The Grade 1 Kentucky Oaks

640x79_derby2

It isn’t often that you’ll pull a field of 13 together for a Grade 1 race and wind up with an odds-on favorite on the morning line, but that is the case for the 2014 running of the Kentucky Oaks. Outside of the first-place finisher (ultimately disqualified to 2nd for interference) from last year’s Breeders’ Cup Juvenile Fillies, She’s a Tiger, it seems as if every qualified three-year-old filly in the country has shown up for this race. So that morning line price on Untapable (#13, 4-5 ML) should give you an idea of just how good she has looked in her two starts at the Fair Grounds this year.

Untapable made her seasonal debut in the Rachel Alexandra stakes on February 22nd, and after confidently tracking the leaders out in the clear, she moved up four-wide through the turn and settled things quickly with an eye-catching burst of speed. Her final time for the Rachel Alexandra came in .22 seconds faster than what was required of Kentucky Derby contender Intense Holiday in his Risen Star stakes victory roughly an hour later on the card, and was good for a strong 106 TimeformUS speed figure. Her second start of the year was much like her first: stalking a moderate pace in the Fair Grounds Oaks while out in the clear, moving up to challenge through the turn, and then dusting the field by over 7 lengths in the stretch. She earned a 105 speed figure for that effort.

[Pace figures shown in running lines are for the race leader.]

Screen Shot 2014-04-30 at 4.38.04 PM

If you’re looking for cracks in the facade of Untapable, there are a few. First of all, she doesn’t look quite as invincible on our data as she does elsewhere. On our data, in fact, one of her rivals in this Kentucky Oaks field – My Miss Sophia (#11, 8-1) – has earned a faster figure this year. And we suppose that if you’ve been following the sport at all, you realize that her trainer, Steve Asmussen, has been in the midst of a media fire-storm over the past six weeks or so, meaning that his operation is sure to be placed under the microscope at Churchill Downs this week. Will this scrutiny affect the performances of his horses? That’s difficult to quantify, and so, for us, anyway, can neither be formally factored into the handicapping process nor entirely dismissed. And then there is the fact that Untapable drew the far outside post in this field of 13, which is far from ideal.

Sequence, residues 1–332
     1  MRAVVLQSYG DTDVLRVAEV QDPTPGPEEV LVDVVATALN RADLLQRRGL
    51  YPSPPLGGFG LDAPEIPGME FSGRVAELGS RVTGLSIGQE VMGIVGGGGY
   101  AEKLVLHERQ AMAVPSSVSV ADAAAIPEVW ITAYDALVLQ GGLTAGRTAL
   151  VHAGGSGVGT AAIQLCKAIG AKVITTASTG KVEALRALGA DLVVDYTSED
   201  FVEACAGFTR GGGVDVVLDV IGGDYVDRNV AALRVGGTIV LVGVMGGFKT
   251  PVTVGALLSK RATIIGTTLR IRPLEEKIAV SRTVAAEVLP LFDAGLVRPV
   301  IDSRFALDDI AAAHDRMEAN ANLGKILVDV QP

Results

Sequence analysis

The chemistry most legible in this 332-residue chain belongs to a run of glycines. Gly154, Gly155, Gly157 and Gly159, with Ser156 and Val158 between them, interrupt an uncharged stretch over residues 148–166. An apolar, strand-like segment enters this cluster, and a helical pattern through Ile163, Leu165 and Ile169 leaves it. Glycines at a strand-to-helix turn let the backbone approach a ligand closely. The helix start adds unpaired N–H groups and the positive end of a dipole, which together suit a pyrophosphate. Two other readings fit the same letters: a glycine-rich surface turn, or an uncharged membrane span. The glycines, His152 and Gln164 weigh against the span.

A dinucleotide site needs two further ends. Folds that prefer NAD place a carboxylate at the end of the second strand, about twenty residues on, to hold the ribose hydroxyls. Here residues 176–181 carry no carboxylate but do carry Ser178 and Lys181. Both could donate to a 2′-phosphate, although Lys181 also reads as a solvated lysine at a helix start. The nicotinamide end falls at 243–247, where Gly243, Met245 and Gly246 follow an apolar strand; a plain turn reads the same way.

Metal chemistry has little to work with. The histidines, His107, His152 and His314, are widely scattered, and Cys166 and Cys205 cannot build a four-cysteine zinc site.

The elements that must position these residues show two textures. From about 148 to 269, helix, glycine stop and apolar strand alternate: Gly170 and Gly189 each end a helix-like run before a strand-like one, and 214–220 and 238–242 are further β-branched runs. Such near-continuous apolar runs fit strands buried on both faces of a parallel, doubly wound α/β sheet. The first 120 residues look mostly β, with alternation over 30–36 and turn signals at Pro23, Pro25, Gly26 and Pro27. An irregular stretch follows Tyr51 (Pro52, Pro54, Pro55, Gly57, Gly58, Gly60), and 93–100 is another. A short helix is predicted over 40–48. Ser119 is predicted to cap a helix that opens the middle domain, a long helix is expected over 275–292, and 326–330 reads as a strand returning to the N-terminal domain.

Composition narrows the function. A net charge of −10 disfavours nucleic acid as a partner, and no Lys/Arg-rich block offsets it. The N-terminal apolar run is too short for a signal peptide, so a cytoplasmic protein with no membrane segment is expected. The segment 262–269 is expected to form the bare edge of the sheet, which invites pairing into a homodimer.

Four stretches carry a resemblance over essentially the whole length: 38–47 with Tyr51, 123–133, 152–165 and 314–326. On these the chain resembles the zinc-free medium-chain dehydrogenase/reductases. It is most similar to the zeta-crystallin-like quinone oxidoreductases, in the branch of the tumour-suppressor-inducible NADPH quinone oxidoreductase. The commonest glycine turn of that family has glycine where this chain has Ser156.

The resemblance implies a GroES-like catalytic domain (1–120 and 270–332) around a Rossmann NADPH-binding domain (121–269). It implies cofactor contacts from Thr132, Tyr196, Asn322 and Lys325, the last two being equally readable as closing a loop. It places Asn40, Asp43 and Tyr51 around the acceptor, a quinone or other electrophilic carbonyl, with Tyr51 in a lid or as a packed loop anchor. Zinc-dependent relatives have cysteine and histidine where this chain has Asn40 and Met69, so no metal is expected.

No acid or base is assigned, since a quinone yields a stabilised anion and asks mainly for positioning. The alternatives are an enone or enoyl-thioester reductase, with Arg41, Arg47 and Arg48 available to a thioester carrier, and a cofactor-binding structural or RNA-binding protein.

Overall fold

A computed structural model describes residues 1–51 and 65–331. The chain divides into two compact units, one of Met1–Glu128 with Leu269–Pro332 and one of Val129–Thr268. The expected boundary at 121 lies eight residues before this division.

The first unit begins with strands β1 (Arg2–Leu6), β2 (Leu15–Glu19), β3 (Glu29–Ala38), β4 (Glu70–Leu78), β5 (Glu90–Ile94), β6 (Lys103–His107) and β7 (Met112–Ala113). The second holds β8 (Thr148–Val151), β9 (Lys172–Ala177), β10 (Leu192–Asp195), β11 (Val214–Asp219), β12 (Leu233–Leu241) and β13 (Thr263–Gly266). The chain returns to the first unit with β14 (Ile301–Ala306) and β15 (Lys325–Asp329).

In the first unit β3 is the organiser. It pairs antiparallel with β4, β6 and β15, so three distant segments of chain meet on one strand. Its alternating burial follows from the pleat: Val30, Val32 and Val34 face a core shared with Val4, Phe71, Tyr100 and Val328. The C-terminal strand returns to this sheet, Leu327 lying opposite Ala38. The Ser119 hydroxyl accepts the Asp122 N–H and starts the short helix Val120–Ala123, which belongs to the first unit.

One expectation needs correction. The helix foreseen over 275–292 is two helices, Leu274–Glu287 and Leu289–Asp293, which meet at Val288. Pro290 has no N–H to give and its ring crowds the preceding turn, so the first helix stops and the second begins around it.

After considering all of the factors above, we still will have a hard time going against Untapable in this race. She just appears to be too good at this point, and we believe that if she runs her race on Friday afternoon, she will win the Kentucky Oaks.

Since we are not betting her to win in this race, we will have to look elsewhere for wagering value. For us, that means trying to get some longer prices in the mix underneath Untapable. The two horses we will key on, along with the favorite, are Screen Shot 2014-04-30 at 4.44.21 PMThank You Marylou (#5, 30-1) and Got Lucky (#12, 20-1). With Pace Projector indicating a fast pace in this race, to be set by the aforementioned other fast horse in the field, My Miss Sophia (she earned a 110 TFUS speed figure for her maiden win at Gulfstream, and returned to win the Grade 2 Gazelle at Aqueduct with a 104), we want closers, and both of these horses fit the bill. Thank You Marylou can be considered a question mark over a route of ground, especially after squandering a clean run into a ferocious pace in her last start, but she is talented, and we are willing to give her another shot to stretch out now that she’s back on dirt.

Screen Shot 2014-04-30 at 4.45.32 PM

Got Lucky, on the other hand, remains N1x eligible, and so still has to prove that she has the quality to win a race like this. She is, however, a one-run closer who figures to catch the kind of fast pace here that she has yet to see in any of her previous races, and she is the top-rated closer in the field.

The play:

Exotics with Untapable on top of Thank You Marylou and Got Lucky.

640x79_derby2

This entry was posted in Race Previews. Bookmark the permalink.

Thoughts?

Fill in your details below or click an icon to log in:

WordPress.com Logo

You are commenting using your WordPress.com account. Log Out /  Change )

Google photo

You are commenting using your Google account. Log Out /  Change )

Twitter picture

You are commenting using your Twitter account. Log Out /  Change )

Facebook photo

You are commenting using your Facebook account. Log Out /  Change )

Connecting to %s